Silva

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Silva last won the day on July 18 2018

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About Silva

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    Subjectively objective.

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  • Jabber
    I’m not that great at talking rapidly and excitedly without much sense, but I can try...

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    Earth.
  • Interests
    The problem with a list like this is that I'm automatically going to forget something important...
    So, my interest at the moment is not having that happen. :)
  1. Did you expect this question?
  2. Hm...advice for seniors... 1. Breathe in, breathe out. Everything will be okay. 2. Try to enjoy it. Most people only get one senior year. 3. Numbers only define you if you let them. 4. If you are applying, I'll warn you now: college applications can be a storming terrible experience. It won't all be sunshine and rainbows, but please refer to point 1.
  3. Actually, it was just a hat pretending to be his lucky hat.
  4. Happy birthday! ^_^

    1. Nathrangking

      Nathrangking

      Happy birthday !!

    2. Robin Sedai

      Robin Sedai

      :wub: Thank you!

  5. Does it matter?
  6. The spooks, Spoooks, and Spocks were unharmed, though.
  7. So he tried to become happier than he used to be instead.
  8. Then tripped and unintentionally set off cannon.
  9. Happy birthday, Silva!

    1. Show previous comments  1 more
    2. Silva

      Silva

      Thank you! ^_^

    3. Nathrangking

      Nathrangking

      Hayom huledet sameach!!!

    4. Vapor

      Vapor

      Happy Birthday Silva!

  10. Members of the Krakitrice race, however, just wanted to stay home and read books
  11. Forever passed quickly and soon came to an end.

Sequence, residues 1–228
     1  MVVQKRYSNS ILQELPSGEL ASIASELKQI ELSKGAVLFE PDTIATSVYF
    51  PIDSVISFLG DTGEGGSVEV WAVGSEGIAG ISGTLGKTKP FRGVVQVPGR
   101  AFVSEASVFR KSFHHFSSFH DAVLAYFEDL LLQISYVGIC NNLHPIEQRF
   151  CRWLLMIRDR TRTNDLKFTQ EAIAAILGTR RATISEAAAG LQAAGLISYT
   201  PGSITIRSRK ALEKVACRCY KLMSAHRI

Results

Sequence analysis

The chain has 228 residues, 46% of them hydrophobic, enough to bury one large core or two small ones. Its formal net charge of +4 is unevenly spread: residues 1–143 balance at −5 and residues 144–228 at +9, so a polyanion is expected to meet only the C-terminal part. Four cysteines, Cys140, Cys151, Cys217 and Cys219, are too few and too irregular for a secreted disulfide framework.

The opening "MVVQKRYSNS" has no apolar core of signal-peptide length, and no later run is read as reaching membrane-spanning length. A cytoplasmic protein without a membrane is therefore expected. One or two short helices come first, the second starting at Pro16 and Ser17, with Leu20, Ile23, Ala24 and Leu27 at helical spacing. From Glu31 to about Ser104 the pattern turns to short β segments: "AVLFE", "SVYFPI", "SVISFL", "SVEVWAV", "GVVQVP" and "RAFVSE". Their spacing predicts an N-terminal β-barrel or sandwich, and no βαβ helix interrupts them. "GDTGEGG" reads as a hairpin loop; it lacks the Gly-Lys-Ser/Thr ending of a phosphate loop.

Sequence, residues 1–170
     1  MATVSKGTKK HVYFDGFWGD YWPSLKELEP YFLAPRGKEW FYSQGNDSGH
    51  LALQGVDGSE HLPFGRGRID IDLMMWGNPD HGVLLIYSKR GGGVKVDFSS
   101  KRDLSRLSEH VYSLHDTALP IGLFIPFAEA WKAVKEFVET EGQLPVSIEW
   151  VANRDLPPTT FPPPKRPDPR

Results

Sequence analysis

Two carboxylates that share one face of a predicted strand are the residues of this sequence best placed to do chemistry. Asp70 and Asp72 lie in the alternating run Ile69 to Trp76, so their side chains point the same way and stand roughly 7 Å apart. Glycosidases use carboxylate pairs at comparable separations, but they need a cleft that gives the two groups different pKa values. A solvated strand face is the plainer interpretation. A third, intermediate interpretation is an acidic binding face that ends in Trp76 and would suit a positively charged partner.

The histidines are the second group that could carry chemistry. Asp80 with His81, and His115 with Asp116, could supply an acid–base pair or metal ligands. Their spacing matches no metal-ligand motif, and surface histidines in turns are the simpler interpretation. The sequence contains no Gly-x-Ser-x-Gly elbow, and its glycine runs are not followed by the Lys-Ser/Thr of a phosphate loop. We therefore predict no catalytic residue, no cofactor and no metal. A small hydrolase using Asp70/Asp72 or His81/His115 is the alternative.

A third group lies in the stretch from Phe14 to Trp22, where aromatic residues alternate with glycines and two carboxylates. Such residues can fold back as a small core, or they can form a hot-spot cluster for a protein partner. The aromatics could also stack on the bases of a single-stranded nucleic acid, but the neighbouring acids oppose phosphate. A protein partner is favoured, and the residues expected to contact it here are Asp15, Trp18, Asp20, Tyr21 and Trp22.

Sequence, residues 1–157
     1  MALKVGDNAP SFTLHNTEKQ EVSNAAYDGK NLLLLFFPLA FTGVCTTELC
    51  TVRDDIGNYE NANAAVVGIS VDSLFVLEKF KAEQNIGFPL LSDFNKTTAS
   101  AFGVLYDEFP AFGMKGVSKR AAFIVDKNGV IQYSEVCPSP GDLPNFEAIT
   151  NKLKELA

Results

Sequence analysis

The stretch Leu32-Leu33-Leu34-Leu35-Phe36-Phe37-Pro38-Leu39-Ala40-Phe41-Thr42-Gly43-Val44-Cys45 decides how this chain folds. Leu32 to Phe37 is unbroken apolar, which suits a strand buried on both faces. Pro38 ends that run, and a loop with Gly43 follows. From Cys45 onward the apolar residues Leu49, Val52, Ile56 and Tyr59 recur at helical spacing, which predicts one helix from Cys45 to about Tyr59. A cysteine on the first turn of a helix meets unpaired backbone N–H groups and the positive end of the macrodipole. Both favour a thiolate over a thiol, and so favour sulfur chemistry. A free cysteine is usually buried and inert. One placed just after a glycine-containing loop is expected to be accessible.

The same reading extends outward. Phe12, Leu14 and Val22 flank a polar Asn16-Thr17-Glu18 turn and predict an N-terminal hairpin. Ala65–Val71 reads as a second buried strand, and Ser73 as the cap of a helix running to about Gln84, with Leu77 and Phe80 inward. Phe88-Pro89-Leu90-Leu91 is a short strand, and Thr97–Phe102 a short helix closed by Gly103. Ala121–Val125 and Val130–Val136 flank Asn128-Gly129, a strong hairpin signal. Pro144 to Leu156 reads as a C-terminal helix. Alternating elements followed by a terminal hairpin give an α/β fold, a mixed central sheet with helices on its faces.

12. Eiran stifled a yawn as he turned to page 5194 of the 5207 page report on TUBA’s decline in profits. At least, that’s what he was beginning to think it’s contents danced around, using needlessly verbose language and extremely vague statistics. Someone was trying to avoid accountability. Accountability came with an amount of paperwork likely comparable to the length of the report and a demotion. Eiran stifled another yawn, his eyelids drooping. He shook himself awake just when his abilities saved him from needing to imagine the danger of what would have happened otherwise. “You didn’t finish reading through it, Sullivan?” his supervisor said accusatorially. “One might almost think you were avoiding telling us something.” His supervisor opened a drawer of the dreaded file cabinet and sifted through the papers contained, pulling one out every once in a while. “Yes, I think we’ll need an A32, an A33b, a GJ986, SFVs 237 through 305, two different TD43s, an H6549, and hm…” his supervisor trailed off while continuing to grow the pile of forms. “The whole suite of TGIFs. You’ll have until Friday to complete these or we may have no choice but to terminate your employment. Would be a shame, wouldn’t it?” His supervisor plopped the 6.25 inch thick stack of papers—the majority comprised of TGIF forms -269 through 5821.3d—on the desk before Eiran. “But you don’t understand, I d—“ Eiran cut himself off as the vision ended and he realized his coworkers were looking at him curiously. He gave them a perky smile, as though to say: “All’s well! No need to fill out an HR4 form to report strange actions of a colleague!” He shuddered as he felt his exhaustion threatening to overtake him again. He did not want to end up filling out a whole suite of TGIF forms. His pig-Latin was too rusty to be able to finish them by Friday. Only one solution would ensure he made it through the whole report on time: caffeine. Carefully placing a bookmark by his spot in the report, he put it on his desk and stood up, ready to begin his noble quest for a cup of coffee. —— Like everything at his workplace, the process to retrieve a cup of coffee was anything but simple. Correction: Eiran’s lengthy “Basic Tasks” manual clearly outlined it; the instructions just happened to go on for twenty-nine pages, ending where the text turned illegible due to an inopportunely placed coffee stain. Following protocol exactly wasn’t an option unless he wanted to trudge through the bureaucracy to borrow a different copy, but he knew he couldn’t make it through that without succumbing to his exhaustion, returning him to his present situation It was time to be brave, to act. Eiran took a deep breath and began his trek down to the lobby, the only place coffee could be found in the building for average TUBAist office workers. Unauthorized abandonment of work station! his brain screamed. You didn’t ask your supervisor for permission! You're such a slontze! The paperwork to fill out as a result will take you until the deadline for you to read that report! Then you’ll have to fill out paperwork to explain that! You’re consigning yourself to a spiral of never ending paperwork! Pity the trees! The trees! He hardened his resolve, knowing that wasn’t any more dangerous than what he currently faced. He’d end up in a spiral if he stayed and fell asleep. This way, he at least had a chance. Eiran made it to the elevators without incident, relying on his visions to warn him of anything that might cause him problems. He pressed the down button and shifted his weight from one foot to another as he waited. It felt so weird to be doing something unauthorized. Not a bad weird…almost like he enjoyed the dangerous situation. Unwanted, a memory of a vision of himself falling off of a building and a fiery bird in the sky surfaced in his mind. But it wasn’t his memory, more akin to the feeling he’d had when he’d looked at his watch the day he moved to Alleycity. He intentionally kept his eyes from drifting to his watch. He couldn’t afford to go crazy—he wasn’t familiar enough with the protocols for that. DING! The doors of the elevator in front of him slid open and he barely jumped out of the way of an intern blindly pushing a cart stacked high with packs of paper, likely off to restock this floor's many printers. Eiran sidled past him, entering the elevator just before the doors slid back shut. Eiran pressed the button for the ground floor. Chipper elevator music filled the silence, slower in rhythm than his pitter-pattering heart. —-- The doors slid open and Eiran quickly stepped out. Here the trouble might arise. He removed his ID badge and casually tucked it into his back pocket. This mission would be easier accomplished pretending to be an average visitor. Walking calmly into the general lobby area, Eiran looked around, trying to appear as though he were taking in the ostentatious lobby of the building for one of the first times. Gold trim edged a mosaic of diamond shaped windows, sloping upwards towards the high ceilings, vaguely resembling a chocolate chip cookie. His shoes clacked satisfyingly on the marble flooring. None of the visitors seated at the round mahogany tables glanced up, and Eiran thought he might be able to make it safely to the coffee machine when a vision surfaced, soon followed by a voice over his shoulder. “What were you doing over thataway?” they said and Eiran turned around, calm expression not betraying his fear, to see the face of the security guard he’d known would be behind him. “I…got lost. Trying to…um…find the restrooms,” he said slowly, mind quickly running through the copy of the “Being a TUBA Security Guard for People Meant to be TUBA Security Guards” guide he’d accidentally memorized, trying to find the best answer. “I was called here because of a…uh…plumbing emergency. I’m a plumber!” Eiran finished cheerfully. The security guard looked him over from head to toe, eyes lingering on his sky blue button down dress shirt. “They said it was an emergency. I didn’t waste time changing, obviously. Should I have?” The security guard seemed to mull that over. “No?” “Exactly!” Eiran said. “May I get back to work unimpeded?” “Yes.” The security guard wandered off. Eiran smiled and breathed a sigh of relief internally. “Being a TUBA Security Guard for People Meant to be TUBA Security Guards” taught the security guards to let plumbers and electricians work their dark magic in peace. He stepped up to the coffee machine, put his cup under the spout, and entered his order. The screen blinked, then revealed a screen to pay. Would you like to pay with credit or credit? Eiran tucked his hand into his pocket to grab his credit card, then cursed as a vision briefly filled his sight. Credit would end up traced back to him and there’s no way anyone would miss the fact that he should have been at his desk during that span of time. His exasperated sigh turned into a yawn, reminding him of the seriousness of his situation. It was at that moment that the lobby doors slammed open and a bandit strode in. —-- Bandit was the best word he could think of for them. They wore a black leather boots that, paired with the cowboy hat and red bandana tied to conceal their face, made Eiran feel like he was seeing someone out of a very different time and place. The words that came out of their mouth also furthered the bandit notion. "Hands up, everyone! I want your pockets emptied and the contents on the floor!" They waved around a gun to gesture as they spoke. "And, you there, by the cash register, I want that emptied!" The salesperson quivered. "B-but it's just for sh—" "No 'but's; the next person to protest will get a taste of my wrath!" It was so cliche and vague that Eiran couldn't stop himself from laughing internally. At least, he'd thought it was internally. Next thing he knew, the bandit turned to face him, visions of danger flooding his head. "Something funny, eh?" They asked, voice chill. Eiran flipped through the visions, determining the least dangerous seeming option. He settled on honesty. "Well, the cash register is just for show. TUBA only accepts credit cards," he said. He gestured to the screen on the coffee machine. "Even the coffee machine is restricted!" "Storming coffee machine," the bandit cursed. He had only a moment’s warning in advance of them raising their gun and firing at him. He ducked before the vision dissipated from his sight. A bullet zipped through the air of where he'd been seconds before, intersecting with the coffee machine. The bandit's eyes rested on Eiran a little too long for comfort. They knew he shouldn't have known to move out of the way. As his mind began to wander through dark possibilities of what would happen, the bandit shrugged. "All right, fine. Go about your business. Guess I won't be making a profit today," they said and walked back out of the building. "Have a nice day!" said a chipper voice from the coffee machine above him. “And stay away!” said the security guard who’d stopped Eiran earlier and then cowered on the floor when the bandit entered. Conversation erupted immediately, and Eiran stood up to look at the ruined coffee machine. Some deity must have been looking out for him that day because coffee streamed from the spout, filling his cup, fried circuits ignoring the fact that he hadn't paid. When the stream halted, he took the cup and downed it quickly. His mission wasn't over yet. Tossing his cup in the coffee-cup-disposal bin—the bins stood in a neat line, each labeled with the name of the one type of garbage it collected—he made his way back to the elevators and fastened back on his badge. He pressed the up button and waited. —-- The ride up to his floor was uneventful, excepting the guy who hopped on for floors 3 through 7 and tried to give Eiran a cookie. It had taken his full control to stay in the moment and not get lost in the visions triggered by the danger that could supposedly be caused by the man. He soon reached his floor and stepped off only to find himself facing a crying intern. It was the same one he'd seen earlier, cart still piled high. His heart went out to him, and, despite the caffeine energizing him, he knew he couldn't go back to his report just yet. "Is something the matter?" Eiran asked the intern. The intern jolted, as though just noticing him, and hastily rubbed his eyes. "Y-yes, but really no…my supervisor said I need to drop these papers off at a bunch of different offices, but I don't know where they are and the map is so unclear, but I'm scared of failure's paperwork because I need this on my resume so I'll be able to get a job and pay taxes like the law abiding citizen I want to be and not disappoint my fam—" "Hush. You're not going to disappoint anyone," Eiran said. "Where's the list of these offices? I can try and help." The intern looked at him disbelievingly. "Don’t you have paperwork to fill out?" The intern was right—beyond his reading material, he should probably file a report about the failed heist—but Eiran just shrugged. Human decency above self-preservation. "My paperwork, my business." My sacrifice. And so it was that Eiran spent the rest of that day aiding the poor intern and not reading the last thirteen pages of the report on TUBA’s decline in sales. —-- The following morning, Eiran arrived at his desk to see his supervisor standing there menacingly, bookmarked copy of the report in hand. He set down his messenger bag, filled to the brim with papers, and his supervisor gestured for him to sit. Eiran swallowed and did so, the memory of the previous day's vision fresh in his mind. “You didn’t finish reading through it, Sullivan?” his supervisor said accusatorially. “One might almost think you were avoiding telling us something.” His supervisor opened a drawer of the dreaded file cabinet—there was one by every cluster of desks for situations like this—and sifted through the papers contained, pulling one out every once in a while. “Yes, I think we’ll need an A32, an A33b, a GJ986, SFVs 237 through 305, two different TD43s, an H6549, and hm…” his supervisor trailed off while continuing to grow the pile of forms. “The whole suite of TGIFs. You’ll have until Friday to complete these or we may have no choice but to terminate your employment. Would be a shame, wouldn’t it?” His supervisor plopped the 6.25 inch thick stack of papers—the majority was comprised of TGIF forms -269 through 5821.3d–on the desk before Eiran. He saw visions of the future before him, filled with never ending paperwork if he accepted the pile now, argued, or begged on his knees. Except, he realized, there was no vision before him that started on a different path. Eiran made his choice. He lied. “But you don’t understand, I did finish it!" he said before he could doubt his decision. His supervisor glanced skeptically at the bookmark. "I was rereading it," Eiran said quickly. "You only asked me to read it once, but I like to go over things at least twice to make sure I fully understand. It's what "Advice for the New TUBAist" suggests." "Oh," his supervisor said. "In that case, just leave a summary of it on my desk by lunch. Okay?" Eiran nodded amicably, and his supervisor replaced the report on his desk. As his supervisor walked away, pile of forms in hand, he let out a relieved sigh. After finishing his first read through of the report, Eiran wrote his summary, keeping it short. The author regrets to inform the organization as a whole that profits have seen a decline. This is a result of too large of a percentage of our income from sales being spent on paper for all of the forms and paperwork in need of filling out. Inside, the man whose dreams, long ago crushed, had begun to be fulfilled rejoiced. Maybe he would be able to save this place from drowning in paperwork. Maybe. But first he needed to fill out a TC67 form to log that he'd completed an assignment.